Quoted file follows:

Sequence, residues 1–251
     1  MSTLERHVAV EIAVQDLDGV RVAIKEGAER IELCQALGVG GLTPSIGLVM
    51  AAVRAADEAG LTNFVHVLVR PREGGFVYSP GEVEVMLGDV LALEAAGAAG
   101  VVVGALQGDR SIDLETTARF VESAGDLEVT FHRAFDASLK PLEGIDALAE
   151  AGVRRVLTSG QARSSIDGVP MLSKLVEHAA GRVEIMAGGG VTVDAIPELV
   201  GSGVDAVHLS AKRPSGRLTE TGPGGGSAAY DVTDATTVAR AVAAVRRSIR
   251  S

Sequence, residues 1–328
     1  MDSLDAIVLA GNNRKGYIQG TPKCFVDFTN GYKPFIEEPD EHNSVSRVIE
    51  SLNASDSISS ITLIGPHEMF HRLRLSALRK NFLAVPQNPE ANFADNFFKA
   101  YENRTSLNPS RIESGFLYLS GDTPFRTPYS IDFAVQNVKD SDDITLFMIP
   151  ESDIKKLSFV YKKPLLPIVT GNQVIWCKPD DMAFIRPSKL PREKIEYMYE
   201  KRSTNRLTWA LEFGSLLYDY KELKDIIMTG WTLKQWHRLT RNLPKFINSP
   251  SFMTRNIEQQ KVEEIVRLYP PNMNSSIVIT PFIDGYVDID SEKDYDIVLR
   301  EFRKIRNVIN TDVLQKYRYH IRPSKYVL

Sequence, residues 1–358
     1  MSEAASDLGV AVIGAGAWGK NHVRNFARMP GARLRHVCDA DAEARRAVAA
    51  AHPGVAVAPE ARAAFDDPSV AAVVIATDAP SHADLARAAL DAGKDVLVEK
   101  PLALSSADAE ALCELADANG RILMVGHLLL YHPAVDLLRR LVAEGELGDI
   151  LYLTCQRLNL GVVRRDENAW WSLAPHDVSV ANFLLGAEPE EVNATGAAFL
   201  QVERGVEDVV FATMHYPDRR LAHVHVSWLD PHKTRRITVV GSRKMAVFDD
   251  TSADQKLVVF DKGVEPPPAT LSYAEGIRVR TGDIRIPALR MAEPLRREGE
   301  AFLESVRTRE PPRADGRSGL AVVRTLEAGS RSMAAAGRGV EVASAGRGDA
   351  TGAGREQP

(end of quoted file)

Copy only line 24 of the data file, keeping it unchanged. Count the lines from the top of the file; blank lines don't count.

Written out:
   351  TGAGREQP